Arsifa Deliyana

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Week 1 Video Diaries & Moving Images 2

The Imposter

The Imposter (2012) is a British-American documentary directed by Bart Layton. The film is about the 1997 case of the French confidence trickster Frédéric Bourdin, impersonated Nicholas Barclay, a Texas boy who disappeared at the age of 13 in 1994. The twisting story which built up by lies succeed making this documentary became one of the best film of 2012. This is a new form of true-crime documentary and stylish noir mystery.

The story begins when a boy was found in Spain, far away from home, saying that he has been kidnapped and tortured by shadowy captors. He ensured polices, people, and one family that he is the lost boy named Nicholas Barclay. The family believed and accepted him to live together in Texas till the situation became strange. Something wrong in the case of Nicholas Barclay.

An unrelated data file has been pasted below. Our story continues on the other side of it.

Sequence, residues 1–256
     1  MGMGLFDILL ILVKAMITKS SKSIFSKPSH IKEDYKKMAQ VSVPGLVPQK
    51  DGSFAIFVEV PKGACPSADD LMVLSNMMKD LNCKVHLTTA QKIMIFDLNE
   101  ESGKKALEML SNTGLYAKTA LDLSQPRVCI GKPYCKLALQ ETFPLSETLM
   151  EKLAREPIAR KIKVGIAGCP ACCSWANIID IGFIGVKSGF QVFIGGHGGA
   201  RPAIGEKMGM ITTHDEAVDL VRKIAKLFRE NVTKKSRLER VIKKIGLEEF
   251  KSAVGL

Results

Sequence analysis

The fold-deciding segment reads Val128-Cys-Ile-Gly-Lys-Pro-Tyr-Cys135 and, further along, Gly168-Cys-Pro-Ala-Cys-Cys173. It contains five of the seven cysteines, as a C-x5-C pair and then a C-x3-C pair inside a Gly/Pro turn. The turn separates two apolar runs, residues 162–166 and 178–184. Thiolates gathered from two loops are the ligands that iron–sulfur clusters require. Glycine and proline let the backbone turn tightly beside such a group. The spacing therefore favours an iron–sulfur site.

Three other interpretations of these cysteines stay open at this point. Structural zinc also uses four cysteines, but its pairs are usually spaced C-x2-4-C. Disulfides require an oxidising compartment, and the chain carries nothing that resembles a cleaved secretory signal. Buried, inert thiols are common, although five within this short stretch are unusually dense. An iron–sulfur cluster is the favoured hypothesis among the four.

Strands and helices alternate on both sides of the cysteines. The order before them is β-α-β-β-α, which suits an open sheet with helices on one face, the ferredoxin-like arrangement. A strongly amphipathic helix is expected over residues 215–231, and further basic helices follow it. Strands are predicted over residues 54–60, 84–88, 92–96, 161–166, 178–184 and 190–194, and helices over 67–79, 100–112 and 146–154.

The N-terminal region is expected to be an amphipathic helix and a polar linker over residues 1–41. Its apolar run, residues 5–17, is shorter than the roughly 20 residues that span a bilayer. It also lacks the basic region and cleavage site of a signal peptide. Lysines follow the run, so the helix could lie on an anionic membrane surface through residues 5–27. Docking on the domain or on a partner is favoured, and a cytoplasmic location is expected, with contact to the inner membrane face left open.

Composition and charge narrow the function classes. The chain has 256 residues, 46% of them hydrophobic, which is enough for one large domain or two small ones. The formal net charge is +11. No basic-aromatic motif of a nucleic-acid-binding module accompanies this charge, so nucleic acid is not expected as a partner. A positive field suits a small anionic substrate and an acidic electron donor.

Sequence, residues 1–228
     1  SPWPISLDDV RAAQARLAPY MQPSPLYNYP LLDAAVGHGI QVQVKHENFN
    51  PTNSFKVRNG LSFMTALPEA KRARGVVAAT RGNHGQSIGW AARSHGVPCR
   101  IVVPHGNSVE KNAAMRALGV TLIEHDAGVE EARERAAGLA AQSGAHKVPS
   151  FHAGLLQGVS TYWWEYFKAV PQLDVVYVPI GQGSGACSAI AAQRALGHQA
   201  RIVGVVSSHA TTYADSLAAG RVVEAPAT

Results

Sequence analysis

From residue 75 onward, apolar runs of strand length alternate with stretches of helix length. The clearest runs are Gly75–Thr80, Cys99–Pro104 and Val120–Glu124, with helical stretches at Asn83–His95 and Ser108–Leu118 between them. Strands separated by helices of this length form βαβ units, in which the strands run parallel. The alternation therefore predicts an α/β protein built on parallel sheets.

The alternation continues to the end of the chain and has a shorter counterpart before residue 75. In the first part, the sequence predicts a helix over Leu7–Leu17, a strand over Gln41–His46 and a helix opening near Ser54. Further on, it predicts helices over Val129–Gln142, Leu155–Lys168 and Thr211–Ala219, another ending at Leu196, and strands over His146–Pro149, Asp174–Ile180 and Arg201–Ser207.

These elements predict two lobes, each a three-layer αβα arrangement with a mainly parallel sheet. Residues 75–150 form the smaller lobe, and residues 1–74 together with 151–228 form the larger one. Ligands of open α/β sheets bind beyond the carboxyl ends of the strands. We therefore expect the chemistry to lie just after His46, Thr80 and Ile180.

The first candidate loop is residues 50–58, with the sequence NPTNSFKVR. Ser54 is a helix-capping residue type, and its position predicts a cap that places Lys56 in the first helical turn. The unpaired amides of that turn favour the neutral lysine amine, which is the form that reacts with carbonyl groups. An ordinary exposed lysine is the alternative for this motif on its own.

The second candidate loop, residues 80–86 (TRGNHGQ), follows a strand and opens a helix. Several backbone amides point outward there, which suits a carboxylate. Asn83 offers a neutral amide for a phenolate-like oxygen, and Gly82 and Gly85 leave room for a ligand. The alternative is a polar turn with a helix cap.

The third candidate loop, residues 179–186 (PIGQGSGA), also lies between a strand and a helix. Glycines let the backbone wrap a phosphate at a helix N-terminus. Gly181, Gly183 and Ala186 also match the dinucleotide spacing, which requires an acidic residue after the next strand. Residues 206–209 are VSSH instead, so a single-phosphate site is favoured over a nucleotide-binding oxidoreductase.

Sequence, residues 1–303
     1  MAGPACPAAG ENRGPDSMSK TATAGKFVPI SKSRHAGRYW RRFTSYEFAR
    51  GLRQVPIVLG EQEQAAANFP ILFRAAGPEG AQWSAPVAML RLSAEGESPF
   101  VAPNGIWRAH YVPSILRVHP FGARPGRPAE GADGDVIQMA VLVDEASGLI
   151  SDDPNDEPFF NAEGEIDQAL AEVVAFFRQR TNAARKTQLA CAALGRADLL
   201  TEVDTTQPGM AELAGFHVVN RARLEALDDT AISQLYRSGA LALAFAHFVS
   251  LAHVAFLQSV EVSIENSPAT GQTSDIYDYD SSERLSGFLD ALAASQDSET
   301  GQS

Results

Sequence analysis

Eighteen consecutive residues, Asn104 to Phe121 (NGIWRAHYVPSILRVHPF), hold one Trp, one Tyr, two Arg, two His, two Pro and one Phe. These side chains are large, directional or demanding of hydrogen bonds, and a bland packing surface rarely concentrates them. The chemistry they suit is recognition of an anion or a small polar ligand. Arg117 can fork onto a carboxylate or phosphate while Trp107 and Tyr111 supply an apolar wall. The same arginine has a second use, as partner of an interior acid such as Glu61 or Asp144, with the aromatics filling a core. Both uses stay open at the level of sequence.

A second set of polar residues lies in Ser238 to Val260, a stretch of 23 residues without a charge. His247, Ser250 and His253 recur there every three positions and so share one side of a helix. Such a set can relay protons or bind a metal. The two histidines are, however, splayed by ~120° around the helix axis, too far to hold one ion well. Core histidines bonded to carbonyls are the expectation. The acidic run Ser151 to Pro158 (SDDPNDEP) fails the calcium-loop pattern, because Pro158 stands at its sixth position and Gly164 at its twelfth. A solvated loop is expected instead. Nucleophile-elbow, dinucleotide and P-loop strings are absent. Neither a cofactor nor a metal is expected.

Although the family accepted him, suspicion surrounded the person who claimed to be Nicholas. Questions were raised up about the differences before and after Barclay was found. How could the Barclay’s blonde, blue-eyed son have returned with darker skin and eyes? How could his personality and even accent have changed so profoundly? Why does the family not seem to notice the glaring differences? And if this person who has arrived in Texas isn’t the Barclay’s missing child . . . who on earth is he? And what really happened to Nicholas?

As a documentary, The Imposter offers amazing visualizations through interesting scenes of the real incident. It combines real footage and fiction resulting convinced-narrative. Confessional interviews with witnesses are visualized with strikingly creative re-enactments and suspenseful storytelling. The film involved asks the audience to play detective, pick the suspect and filter the truth and lie. This documentary carefully cut pieces gave us hints of mystery that raised questions that we would ask about the case, then slowly we found the answers in pieces of confession and scenes.



The Imposterfilm. (2012). Retrieved at





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